In recent weeks, many countries have been reporting an increase in “pandemic fatigue” – people are feeling demotivated about following recommended behaviours to protect themselves and others from the virus.
Finding effective ways to tackle this fatigue and reinvigorate public vigilance is a growing challenge as the crisis continues. Pandemic fatigue evolves gradually over time and is affected by the cultural, social, structural and legislative environment. High-level public health experts from over 30 countries and many partner organizations from the WHO European region connected remotely to search together the root causes of this phenomenon and share national experiences and plans.
Overcoming COVID Fatigue At An Individual Level
As hard as this emotional fatigue has been, it’s harder on people who are coping with mental illness. Seek virtual therapy to cope effectively during these turbulent times.Exercise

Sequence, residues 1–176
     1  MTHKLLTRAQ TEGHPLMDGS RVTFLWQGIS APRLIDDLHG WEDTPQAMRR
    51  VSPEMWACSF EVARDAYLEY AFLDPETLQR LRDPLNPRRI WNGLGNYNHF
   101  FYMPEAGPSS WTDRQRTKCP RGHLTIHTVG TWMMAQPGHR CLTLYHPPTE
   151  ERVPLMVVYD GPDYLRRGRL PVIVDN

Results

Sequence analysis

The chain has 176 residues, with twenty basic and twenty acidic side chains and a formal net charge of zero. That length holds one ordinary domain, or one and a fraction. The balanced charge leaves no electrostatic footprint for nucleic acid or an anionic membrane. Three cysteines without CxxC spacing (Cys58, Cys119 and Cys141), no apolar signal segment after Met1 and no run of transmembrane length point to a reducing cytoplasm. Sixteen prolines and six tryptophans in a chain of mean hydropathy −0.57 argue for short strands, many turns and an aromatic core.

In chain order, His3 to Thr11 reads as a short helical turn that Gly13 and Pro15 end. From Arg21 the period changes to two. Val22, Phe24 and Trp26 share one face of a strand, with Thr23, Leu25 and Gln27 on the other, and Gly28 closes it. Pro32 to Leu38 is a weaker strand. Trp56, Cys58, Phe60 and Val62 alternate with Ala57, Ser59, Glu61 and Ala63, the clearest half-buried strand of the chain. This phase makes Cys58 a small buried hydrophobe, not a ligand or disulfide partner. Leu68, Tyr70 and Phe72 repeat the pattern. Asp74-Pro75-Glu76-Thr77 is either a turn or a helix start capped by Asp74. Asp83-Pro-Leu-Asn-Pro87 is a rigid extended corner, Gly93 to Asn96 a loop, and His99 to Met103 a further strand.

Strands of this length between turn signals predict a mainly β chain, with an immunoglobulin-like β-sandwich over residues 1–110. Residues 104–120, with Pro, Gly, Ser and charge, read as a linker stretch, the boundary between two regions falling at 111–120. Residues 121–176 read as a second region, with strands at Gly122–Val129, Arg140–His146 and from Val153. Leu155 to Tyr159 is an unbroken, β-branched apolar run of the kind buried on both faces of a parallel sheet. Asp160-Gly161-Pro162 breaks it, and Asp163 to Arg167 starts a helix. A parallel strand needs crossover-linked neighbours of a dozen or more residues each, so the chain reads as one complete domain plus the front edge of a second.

Exercise is one of the best ways to release the energy that builds up from stress and worry. Take a walk through the park or your neighbourhood. Do floor exercises to a YouTube video.
Mindfulness is cultivating an awareness of the present moment. It can be as simple as stopping and focusing on the task at hand, or on the natural world around you, or on your own breathing.
“Processing” is a word that therapists use to describe the act of expressing your feelings and emotions. By sharing how we’re feeling — whether through talk, writing in a journal, playing a musical instrument — we release the worry and stress that we’ve been holding in before it builds up to a traumatic level.
Stay Socially Connected
Use technology to stay in touch with friends and family while keeping a safe physical distance. Attend virtual Meetup meetings. Join groups online.